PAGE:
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The Importance of a Well-connected and Practical Bus Network for Canberra’s Outer Suburban Areas

Madam Speaker, I thank Mr Parton for raising this matter of public importance in the Assembly today. I suspect those opposite may be growing tired of hearing from the Canberra Liberals about the importance of a well-connected and practical bus network for Canberra’s outer suburbs, but I stand to assure them that those who live in these suburbs haven’t grown tired of this topic yet.

Whenever I hold a mobile office anywhere in Belconnen, meet with residents in their homes, or even just bump into them at the local shops, I can be quite certain I will hear about the woeful state of this government’s transport network. You see, Madam Speaker, ordinary Canberrans who have been left high and dry by Network 19 aren’t going to stop talking about it until they have a public transport system that genuinely gets them where they need to go in a reasonable amount of time.

We who live in my electorate of Ginninderra tend to be quite practical people, Madam Speaker. We can be told that we have ‘more buses, more often’ or that we’re ‘better connected’, but we tend to see right through flimsy slogans that don’t reflect our day-to-day lived experience. Belconnen residents know firsthand that they have fewer transport options that take longer than the previous network, and no Minister for False Assurances is going to convince them otherwise.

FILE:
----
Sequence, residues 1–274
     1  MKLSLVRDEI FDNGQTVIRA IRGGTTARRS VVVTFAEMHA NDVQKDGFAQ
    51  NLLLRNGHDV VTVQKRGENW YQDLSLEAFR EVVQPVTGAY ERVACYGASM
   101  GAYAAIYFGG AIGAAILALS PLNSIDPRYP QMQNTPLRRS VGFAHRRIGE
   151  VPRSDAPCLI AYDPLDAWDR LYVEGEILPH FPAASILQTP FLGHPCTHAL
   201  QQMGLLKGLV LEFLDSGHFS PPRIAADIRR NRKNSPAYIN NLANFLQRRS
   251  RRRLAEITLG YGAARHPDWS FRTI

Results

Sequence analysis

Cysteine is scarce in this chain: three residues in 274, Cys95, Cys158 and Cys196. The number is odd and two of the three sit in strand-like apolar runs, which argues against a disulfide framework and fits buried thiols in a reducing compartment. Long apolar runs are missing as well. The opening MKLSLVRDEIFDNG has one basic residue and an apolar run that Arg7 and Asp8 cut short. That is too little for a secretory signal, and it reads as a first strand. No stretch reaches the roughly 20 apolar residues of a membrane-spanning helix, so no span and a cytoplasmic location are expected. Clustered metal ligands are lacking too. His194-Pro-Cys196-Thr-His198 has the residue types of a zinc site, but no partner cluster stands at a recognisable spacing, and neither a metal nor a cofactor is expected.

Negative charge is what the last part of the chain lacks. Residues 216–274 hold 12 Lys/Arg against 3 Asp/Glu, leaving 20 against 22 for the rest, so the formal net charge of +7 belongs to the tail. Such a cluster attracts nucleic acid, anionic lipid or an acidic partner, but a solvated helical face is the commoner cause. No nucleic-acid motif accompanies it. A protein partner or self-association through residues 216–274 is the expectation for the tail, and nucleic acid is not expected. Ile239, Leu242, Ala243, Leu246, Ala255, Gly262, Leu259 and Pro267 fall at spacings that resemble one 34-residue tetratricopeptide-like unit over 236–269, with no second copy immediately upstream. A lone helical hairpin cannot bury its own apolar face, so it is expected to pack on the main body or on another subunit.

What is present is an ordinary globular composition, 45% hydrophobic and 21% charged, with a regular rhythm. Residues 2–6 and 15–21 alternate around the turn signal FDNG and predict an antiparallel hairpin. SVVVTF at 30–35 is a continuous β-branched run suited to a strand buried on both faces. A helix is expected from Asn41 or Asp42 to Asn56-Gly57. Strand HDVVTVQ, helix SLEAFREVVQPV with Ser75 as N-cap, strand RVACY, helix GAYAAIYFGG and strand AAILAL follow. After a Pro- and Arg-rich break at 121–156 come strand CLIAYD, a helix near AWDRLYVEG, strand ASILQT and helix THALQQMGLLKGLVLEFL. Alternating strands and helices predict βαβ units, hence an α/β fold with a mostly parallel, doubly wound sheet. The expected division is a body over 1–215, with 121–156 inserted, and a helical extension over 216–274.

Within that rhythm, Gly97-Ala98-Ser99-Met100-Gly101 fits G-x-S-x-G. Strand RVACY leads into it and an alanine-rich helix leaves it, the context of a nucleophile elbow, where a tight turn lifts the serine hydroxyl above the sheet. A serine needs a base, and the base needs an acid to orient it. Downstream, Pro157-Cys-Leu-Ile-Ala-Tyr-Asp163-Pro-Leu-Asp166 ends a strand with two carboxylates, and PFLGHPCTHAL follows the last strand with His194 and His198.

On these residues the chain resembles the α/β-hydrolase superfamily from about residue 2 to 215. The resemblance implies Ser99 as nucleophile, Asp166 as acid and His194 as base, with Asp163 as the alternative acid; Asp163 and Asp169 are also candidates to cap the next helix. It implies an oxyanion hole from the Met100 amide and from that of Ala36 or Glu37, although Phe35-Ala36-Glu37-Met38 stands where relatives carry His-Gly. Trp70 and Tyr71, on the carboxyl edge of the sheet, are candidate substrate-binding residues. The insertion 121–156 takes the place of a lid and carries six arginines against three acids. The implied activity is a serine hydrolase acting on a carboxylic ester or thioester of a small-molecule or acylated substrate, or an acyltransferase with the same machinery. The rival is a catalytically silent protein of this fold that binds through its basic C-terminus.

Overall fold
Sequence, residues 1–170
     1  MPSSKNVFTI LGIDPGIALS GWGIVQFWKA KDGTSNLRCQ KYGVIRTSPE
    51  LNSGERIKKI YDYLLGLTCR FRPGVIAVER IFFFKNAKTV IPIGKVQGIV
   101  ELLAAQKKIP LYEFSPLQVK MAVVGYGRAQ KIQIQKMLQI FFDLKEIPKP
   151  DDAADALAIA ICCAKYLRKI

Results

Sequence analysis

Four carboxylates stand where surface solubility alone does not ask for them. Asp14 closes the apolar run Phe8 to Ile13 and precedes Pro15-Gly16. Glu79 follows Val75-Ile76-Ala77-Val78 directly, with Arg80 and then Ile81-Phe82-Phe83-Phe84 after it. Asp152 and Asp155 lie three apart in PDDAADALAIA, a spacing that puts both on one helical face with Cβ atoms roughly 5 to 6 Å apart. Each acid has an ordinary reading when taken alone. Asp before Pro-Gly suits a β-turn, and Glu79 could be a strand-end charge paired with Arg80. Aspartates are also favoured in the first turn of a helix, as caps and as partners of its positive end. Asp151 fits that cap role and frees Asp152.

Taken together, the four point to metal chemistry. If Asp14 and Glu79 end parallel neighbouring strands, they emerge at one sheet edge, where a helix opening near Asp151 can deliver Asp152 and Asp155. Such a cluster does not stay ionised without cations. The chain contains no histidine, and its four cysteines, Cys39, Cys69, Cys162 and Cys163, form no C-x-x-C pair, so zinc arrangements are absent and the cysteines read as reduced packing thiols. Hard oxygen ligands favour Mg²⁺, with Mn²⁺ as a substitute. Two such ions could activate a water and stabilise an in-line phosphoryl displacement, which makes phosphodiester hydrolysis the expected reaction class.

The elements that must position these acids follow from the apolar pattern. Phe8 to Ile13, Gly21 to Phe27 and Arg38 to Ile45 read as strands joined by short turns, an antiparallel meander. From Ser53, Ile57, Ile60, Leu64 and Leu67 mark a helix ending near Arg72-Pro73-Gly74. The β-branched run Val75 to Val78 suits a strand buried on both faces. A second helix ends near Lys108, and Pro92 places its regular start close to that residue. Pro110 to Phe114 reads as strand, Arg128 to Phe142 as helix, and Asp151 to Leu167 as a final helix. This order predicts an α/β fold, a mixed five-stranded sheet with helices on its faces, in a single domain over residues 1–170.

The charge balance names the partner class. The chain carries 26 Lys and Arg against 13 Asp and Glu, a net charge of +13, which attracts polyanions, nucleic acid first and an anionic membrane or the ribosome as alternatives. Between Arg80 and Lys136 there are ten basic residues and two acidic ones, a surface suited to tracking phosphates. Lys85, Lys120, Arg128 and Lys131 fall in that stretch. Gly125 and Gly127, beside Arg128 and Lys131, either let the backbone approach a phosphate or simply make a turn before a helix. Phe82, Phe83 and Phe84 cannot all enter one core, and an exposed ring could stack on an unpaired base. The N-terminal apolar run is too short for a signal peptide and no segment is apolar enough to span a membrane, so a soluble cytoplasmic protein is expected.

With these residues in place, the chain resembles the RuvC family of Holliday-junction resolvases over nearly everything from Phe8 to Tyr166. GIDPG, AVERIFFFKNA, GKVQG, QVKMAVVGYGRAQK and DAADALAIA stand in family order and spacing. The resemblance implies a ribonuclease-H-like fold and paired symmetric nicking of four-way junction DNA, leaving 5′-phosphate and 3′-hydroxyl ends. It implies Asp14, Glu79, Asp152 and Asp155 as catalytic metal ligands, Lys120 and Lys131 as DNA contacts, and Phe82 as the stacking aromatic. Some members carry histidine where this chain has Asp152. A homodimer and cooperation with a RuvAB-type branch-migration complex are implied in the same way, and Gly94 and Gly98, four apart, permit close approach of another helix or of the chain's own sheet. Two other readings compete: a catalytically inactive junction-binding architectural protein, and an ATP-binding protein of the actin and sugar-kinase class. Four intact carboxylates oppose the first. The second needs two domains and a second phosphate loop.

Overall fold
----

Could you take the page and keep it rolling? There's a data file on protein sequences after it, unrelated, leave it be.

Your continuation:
I remind this Assembly that I tabled a petition in May that was signed by 1,180 ACT residents. Signatories included:

  • former Xpresso riders, upset that their commutes have increased by 30-to-40 minutes each way, who want their old buses back;

  • parents whose children used to be able to get to school quickly and easily who want their school buses back; and

  • residents in Macquarie, Cook and Aranda who would love to get their old service back despite earlier complains because it was at least better than being left on the side of the street.

I feel confident, Madam Speaker, that many Belconnen residents who work hard in non-office-based employment would happily sign a petition this month expressing disgust that promised weekend bus services have been randomly cut, leaving them unable to get to their jobs with no warning.

In all cases, the residents who speak with me just want simple answers: why did this government feel compelled to stuff the bus network up so badly? Was it because they don’t care about the hardworking families who live in places like West Belconnen? Or was it just sheer incompetence? Can we actually build trams without destroying reliable bus networks in our outer suburbs?

As I have said before in this chamber, people are not stupid. They know what a trip to work or school, to visit family or the local shops, looked like just six months ago, and they know what it looks like now. Maybe those opposite think that, with just a bit more time, people will forget. But they won’t. Five, six, seven days each week they are reminded that this government is stealing an hour or more of their precious time that should be spent with their families instead.

Madam Speaker, on behalf of these people, I again congratulate Mr Parton for raising this matter of public importance today. Thank you.

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